Sounds like going through Airbnb worked out for you fine though? Nice to hear that recouping it wasn’t too much trouble because we’ve heard mixed reviews on that.

      • Laura O.

        I’m glad that worked out well for you guys. With our Airbnb investment property that we have listed on the site, we had a guest who trashed our newly renovated home. Airbnb only gave us $20 for the damages and they were basically like too bad. Every time I asked to speak to a supervisor, Fabio (the Airbnb patron) said that he was the only manager in charge of the account. We didn’t even request reimbursement for all of the damages such as the repainting that was required. We just asked for them to reimburse us for breaking our master bath freestanding bathtub drain plumber’s fee, the false alarm reduction fee from the city of Atlanta for not following the rules and not putting in the alarm code in on time before police were dispatched, reimbursement for the kettle they broke and a fee for forgetting to return the house keys. There was a laundry list of other items worth several hundred in damages that we didn’t even bother with because we were most concerned with the aforementioned items. We took pictures with date stamps of the trashed condition she and her guests left my home and I was shocked that Airbnb took the position to side with the reckless guests instead of protecting their hosts that serve their company. We have tried to call airbnb to speak to someone more senior and even threatened to sue. Fabio and Airbnb just didn’t care. Any escalation tips that you have?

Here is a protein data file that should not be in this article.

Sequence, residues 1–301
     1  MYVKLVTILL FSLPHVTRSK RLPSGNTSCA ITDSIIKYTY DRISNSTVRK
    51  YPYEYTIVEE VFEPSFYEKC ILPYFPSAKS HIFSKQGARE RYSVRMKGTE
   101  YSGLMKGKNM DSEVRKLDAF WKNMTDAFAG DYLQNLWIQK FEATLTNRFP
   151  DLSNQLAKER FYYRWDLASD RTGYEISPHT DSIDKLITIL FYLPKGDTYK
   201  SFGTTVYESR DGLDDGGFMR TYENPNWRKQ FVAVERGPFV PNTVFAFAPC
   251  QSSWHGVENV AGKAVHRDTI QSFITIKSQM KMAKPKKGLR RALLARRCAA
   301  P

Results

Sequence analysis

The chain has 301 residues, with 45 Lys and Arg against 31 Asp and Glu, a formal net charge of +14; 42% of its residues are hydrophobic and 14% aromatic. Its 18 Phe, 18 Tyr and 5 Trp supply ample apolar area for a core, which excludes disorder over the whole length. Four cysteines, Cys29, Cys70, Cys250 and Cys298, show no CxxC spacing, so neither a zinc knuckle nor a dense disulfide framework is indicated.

3. Jerry W.

    Thank you for sharing. I have started my first vacation rental. Currently I rent out half of a duplex. I am renovating the other side. I do not live there. I currently use VRBO, but am considering adding AirB&B. Do counsel for or against having a property listed with both sites? Currently I have only averaged 2 renters per month as it is the cold season here. We are a summer recreation spot. Of course I have just started so my experience is limited.

    • Erin Spradlin